The Finish Line (Pun Intended)
I’m a happy guy. Why? ‘Cus I’ve got a happy wife :-).
This is the end-game and of course my most disliked part of any project is the last part: sanding and finishing.
The penultimate chapter, can you see the light?!!
Hi everybody! It’s been a while since my last post as I have been on business travel and not had a chance to do much woodworking for a while 🙁 . I have returned from a certain Middle Eastern country and since I didn’t say anything bad about the ruling party I still retain my freedom (if not my principles; hey, we all gotta pay the mortgage).
Nearly there, I can almost taste it!
Yeah, it tastes like furniture 🙂 .
Last week we had just finished installing breadboard ends on both top panels. Now we’ll look to mounting and hinging the panels. Before going further however, I’d like to position and mount the lower panel to the carcass.
So we’re approaching the end-game: table tops, door hardware, and sewing machine lift. I might get this done before Christmas 🙂 . In the early days of my woodworking, I was always a bit intimidated by gluing-up large panels but I learned that if you follow a straightforward process and prepare the stock properly, good results can often be obtained.
Mounting doors, a little easier than horses……
Mounting the doors is going to take a little bit of careful preparation. Not only is this a critical step (for me) but I’ll be cutting a shallow rabbet in each of the doors and I want to be absolutely sure everything is going to come out right before I do that.
Hobbits aren’t the only ones who need supportive feet…..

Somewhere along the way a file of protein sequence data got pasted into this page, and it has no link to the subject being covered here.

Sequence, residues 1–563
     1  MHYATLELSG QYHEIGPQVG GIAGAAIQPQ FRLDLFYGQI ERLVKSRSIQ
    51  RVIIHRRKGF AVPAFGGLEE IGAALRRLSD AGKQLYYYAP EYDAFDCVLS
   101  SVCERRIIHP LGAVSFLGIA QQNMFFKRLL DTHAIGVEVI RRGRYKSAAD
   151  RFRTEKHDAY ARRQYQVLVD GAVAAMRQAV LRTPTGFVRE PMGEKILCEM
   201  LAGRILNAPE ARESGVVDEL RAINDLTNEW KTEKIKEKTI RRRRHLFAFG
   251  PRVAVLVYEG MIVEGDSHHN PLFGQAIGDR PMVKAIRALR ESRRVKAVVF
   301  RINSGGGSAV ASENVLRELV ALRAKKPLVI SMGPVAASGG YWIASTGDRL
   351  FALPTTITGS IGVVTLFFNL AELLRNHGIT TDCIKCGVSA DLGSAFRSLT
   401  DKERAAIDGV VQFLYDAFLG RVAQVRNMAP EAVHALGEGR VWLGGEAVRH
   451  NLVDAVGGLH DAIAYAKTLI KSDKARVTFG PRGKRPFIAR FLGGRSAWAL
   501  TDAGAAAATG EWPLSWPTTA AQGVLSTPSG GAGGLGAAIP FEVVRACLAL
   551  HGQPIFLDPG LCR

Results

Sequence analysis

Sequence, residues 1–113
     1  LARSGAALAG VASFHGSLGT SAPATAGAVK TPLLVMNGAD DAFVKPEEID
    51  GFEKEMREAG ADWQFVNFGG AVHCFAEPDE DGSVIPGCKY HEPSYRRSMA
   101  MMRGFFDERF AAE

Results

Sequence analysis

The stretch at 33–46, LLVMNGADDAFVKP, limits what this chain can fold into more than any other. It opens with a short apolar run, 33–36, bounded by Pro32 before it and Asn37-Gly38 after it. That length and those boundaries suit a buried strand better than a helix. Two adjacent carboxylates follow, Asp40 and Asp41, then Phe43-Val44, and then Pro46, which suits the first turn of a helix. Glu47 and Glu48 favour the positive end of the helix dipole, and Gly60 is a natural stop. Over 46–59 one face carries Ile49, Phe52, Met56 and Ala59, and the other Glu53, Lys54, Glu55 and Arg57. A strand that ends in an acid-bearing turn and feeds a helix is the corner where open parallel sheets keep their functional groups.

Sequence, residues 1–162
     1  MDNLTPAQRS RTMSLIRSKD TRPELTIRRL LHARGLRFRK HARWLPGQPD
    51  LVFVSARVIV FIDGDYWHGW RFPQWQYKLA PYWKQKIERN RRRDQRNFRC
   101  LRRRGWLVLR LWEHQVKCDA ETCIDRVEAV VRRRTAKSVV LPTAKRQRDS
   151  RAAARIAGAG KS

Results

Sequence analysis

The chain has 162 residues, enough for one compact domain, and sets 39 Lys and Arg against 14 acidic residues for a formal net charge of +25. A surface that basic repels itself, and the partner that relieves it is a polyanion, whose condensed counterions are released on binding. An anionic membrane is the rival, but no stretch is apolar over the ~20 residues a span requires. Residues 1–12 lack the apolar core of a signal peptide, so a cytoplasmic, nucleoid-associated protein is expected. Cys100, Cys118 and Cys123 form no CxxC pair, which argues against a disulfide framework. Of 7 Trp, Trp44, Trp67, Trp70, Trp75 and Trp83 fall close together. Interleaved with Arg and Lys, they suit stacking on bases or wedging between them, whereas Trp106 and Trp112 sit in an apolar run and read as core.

The thought of carefully carving intricate ball and claw feet in the style of Chippendale makes me want to drink hard liquor, so I’ll stick to the simple, yet very strong foot design in the original plan.
Who thought that the drawers would be the most complicated part of this cabinet? Complicated yes, but difficult, not so (except for the dovetails). Drawers go together with a straightforward, step by step process that is at times painstaking, but without the hair-pulling and teeth-gnashing that one might expect (except for the dovetails).
“When is it going to start looking like furniture?”
Kind of like framing a house, this is an exciting part of the build process for me, when “whatever it is” begins to look like “what it’s supposed to be”. Too bad we don’t have our faithful companion Luna to help, she always offered a comforting “bark” when I hit my thumb with a hammer…. (I realize now that they have been seriously over-bred, but honestly, I never met a Labrador I didn’t like!).
And now: back to our regularly scheduled furniture.